The obvious highlight of Kelly's season was that stunning win at Winton, sealed with an impressive cold-tyre pass on champion McLaughlin after a late restart. It was not just part-owner Kelly’s first win for Nissan Motorsport, but came just days after confirmation that the factory deal would not be renewed for 2019.

However what really shows how well Kelly drove this season is that he finished nine spots and 774 points clear of the next best Altima, which was Andre Heimgartner. That shows remarkable consistency, particularly given Kelly and Michael Caruso (18th in the points) are so close in terms of car speed.

7. Scott Pye

Scott Pye, Walkinshaw Andretti United Holden

Scott Pye, Walkinshaw Andretti United Holden

Photo by: Holden Motorsport

Team: Walkinshaw Andretti United
Wins: 1
Best Qualifying: 3rd
Championship Position: 7th

It was another impressive season for the often-underrated Pye, highlighted by his stunning win in difficult conditions at the Australian Grand Prix.

To recap, Pye had dominated much of the third Albert Park race only to have his maiden win threatened by a thunderstorm. He made a risky call to stay out on slicks, had a half-spin that almost let Jamie Whincup spoil the fun, and then out-dragged the Triple Eight driver to the finish line to win anyway.

He also finished second at Bathurst for a second consecutive year, as well as once again out-classing highly-rated teammate James Courtney.

6. Jamie Whincup

Jamie Whincup, Triple Eight Race Engineering Holden

Jamie Whincup, Triple Eight Race Engineering Holden

Photo by: Dirk Klynsmith / LAT Images

Team: Triple Eight Race Engineering
Wins: 5
Poles: 5
Championship Position: 3rd

For a bloke who finished third in the points to be just sixth on this list may seem a little harsh, but really it’s just a case of Whincup being a victim of his own success.

Finishing the year more than 500 points behind McLaughlin is so unlike the relentlessly consistent seven-time champ.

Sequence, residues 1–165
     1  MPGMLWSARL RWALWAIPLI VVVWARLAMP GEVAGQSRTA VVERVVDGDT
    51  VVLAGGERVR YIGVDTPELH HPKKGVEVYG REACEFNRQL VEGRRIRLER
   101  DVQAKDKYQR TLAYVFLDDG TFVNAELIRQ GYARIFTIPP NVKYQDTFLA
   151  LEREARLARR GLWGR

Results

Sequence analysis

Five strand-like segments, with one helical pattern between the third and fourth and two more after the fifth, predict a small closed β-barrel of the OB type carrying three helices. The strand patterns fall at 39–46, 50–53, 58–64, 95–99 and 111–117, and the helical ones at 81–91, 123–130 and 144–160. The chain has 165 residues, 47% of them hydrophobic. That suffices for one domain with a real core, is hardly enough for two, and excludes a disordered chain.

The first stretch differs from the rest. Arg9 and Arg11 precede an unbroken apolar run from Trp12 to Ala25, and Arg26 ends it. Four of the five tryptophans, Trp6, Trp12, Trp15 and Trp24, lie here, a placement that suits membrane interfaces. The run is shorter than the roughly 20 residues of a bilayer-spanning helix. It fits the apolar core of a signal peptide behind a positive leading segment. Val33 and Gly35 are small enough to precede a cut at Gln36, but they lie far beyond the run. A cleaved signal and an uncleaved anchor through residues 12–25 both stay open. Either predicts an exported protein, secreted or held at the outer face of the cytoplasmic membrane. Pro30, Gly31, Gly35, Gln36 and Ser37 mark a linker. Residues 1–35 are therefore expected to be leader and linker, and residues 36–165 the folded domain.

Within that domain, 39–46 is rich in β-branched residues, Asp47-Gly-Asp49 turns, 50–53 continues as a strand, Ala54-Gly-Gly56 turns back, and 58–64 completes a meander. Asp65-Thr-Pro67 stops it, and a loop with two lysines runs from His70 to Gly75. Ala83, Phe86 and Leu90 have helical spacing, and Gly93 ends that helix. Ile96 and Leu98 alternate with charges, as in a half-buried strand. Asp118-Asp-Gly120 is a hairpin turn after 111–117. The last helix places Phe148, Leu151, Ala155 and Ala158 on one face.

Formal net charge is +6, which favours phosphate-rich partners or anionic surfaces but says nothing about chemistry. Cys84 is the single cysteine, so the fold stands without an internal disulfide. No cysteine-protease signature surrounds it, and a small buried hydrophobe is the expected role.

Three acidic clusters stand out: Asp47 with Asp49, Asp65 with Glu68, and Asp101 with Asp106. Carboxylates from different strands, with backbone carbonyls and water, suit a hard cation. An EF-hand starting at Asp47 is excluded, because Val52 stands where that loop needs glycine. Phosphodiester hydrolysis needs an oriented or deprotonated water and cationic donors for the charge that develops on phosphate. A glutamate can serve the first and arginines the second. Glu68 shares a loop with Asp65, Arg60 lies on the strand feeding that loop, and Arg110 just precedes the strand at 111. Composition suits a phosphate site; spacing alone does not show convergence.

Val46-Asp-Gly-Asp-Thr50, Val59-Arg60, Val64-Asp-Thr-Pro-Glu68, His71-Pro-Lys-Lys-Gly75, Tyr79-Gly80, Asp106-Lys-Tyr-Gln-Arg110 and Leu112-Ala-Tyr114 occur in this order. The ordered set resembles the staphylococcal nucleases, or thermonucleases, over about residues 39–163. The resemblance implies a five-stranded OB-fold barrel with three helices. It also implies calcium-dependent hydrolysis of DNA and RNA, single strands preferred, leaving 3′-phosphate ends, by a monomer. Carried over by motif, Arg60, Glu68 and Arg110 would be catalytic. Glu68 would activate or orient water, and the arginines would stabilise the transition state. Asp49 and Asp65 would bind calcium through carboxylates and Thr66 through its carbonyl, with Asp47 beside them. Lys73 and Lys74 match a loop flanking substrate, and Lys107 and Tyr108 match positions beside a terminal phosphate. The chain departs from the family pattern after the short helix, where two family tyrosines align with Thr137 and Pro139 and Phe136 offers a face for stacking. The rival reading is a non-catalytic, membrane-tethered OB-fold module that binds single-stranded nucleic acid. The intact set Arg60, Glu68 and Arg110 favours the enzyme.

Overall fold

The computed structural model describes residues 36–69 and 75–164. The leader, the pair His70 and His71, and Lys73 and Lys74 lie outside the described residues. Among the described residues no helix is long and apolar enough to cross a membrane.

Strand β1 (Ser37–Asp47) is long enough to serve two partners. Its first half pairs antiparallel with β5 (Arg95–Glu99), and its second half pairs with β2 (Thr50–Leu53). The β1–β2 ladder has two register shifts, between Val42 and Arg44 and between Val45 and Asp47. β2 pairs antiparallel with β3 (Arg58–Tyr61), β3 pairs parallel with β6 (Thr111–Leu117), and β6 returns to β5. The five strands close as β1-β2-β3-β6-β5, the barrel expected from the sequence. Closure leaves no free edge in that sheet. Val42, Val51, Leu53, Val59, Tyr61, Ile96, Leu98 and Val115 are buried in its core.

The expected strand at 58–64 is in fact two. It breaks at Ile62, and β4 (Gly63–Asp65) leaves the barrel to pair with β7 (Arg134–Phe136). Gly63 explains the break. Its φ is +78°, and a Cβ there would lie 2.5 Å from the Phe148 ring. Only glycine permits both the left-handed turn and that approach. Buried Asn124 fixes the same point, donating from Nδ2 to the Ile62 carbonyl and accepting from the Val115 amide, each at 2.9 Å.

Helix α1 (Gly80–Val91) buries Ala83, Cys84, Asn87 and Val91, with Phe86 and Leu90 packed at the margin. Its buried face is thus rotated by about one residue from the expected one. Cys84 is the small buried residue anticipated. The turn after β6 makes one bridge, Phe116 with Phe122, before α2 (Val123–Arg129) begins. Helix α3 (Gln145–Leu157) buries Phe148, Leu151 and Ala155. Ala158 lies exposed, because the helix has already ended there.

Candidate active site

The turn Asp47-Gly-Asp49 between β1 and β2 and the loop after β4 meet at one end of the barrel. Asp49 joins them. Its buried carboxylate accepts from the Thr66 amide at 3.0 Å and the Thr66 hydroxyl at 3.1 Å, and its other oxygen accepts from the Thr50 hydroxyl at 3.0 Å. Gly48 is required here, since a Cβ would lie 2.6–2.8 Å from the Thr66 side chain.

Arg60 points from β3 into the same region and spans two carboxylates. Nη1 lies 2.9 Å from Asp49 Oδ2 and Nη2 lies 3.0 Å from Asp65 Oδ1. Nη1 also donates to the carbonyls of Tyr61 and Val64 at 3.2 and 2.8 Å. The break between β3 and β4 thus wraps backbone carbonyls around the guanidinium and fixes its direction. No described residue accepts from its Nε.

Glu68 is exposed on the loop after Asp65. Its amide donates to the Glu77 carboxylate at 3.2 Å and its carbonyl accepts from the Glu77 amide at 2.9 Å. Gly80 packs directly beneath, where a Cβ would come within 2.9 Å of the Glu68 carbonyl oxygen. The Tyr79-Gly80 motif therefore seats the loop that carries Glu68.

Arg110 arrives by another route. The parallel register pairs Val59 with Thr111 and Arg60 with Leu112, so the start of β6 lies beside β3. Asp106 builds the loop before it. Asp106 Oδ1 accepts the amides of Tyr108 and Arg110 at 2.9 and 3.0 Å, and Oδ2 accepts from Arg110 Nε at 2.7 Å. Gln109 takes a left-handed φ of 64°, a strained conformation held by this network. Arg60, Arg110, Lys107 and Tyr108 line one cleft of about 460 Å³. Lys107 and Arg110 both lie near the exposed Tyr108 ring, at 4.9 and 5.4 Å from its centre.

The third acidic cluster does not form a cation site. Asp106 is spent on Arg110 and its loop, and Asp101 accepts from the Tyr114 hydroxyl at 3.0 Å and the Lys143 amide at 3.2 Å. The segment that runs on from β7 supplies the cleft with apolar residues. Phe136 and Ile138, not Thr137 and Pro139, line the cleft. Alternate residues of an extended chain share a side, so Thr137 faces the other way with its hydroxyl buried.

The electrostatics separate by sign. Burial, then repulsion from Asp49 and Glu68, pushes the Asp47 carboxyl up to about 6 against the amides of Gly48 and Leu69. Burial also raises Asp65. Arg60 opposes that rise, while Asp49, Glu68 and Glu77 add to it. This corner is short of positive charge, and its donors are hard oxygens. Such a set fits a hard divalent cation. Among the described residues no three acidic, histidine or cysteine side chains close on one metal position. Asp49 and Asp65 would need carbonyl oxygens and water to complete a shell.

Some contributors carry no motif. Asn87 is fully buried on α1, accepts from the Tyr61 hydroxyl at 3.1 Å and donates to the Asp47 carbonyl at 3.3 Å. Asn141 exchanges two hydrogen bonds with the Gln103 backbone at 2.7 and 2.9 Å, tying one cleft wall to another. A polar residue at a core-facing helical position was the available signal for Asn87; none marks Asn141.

In absolute fairness, he dropped a lot of points thanks to things like the wandering wheel at Bathurst (a race he and Paul Dumbrell were probably going to win). And his drive at Sandown alongside Dumbrell was as good as we saw from anyone all year.

But anything outside of year-long title contention seems disappointing for a guy as good as Whincup.

5. Chaz Mostert

Chaz Mostert, Tickford Racing Ford

Chaz Mostert, Tickford Racing Ford

Photo by: Dirk Klynsmith / LAT Images

Team: Tickford Racing
Wins: 1
Best Qualifying: 2nd
Championship Position: 6th

Mostert was the clear standout during a tough season for Tickford.

What made his season impressive was the sheer distance between him and the rest of the Tickford drivers. It wasn't just that he took the team's sole win (alongside James Moffat on the Gold Coast), but he ended up six positions and 615 points clear of the next best driver from the same garage – 2015 series champ Mark Winterbottom.

Mostert heads into the final year of his current contract in 2019, so Tickford will want to find some pace if it has plans to hold onto him.

4. Craig Lowndes

Craig Lowndes, Triple Eight Race Engineering Holden

Craig Lowndes, Triple Eight Race Engineering Holden

Photo by: Dirk Klynsmith / LAT Images

Team: Triple Eight Race Engineering
Wins: 2
Poles: 1
Championship Position: 4th

What a great comeback we saw from Craig Lowndes.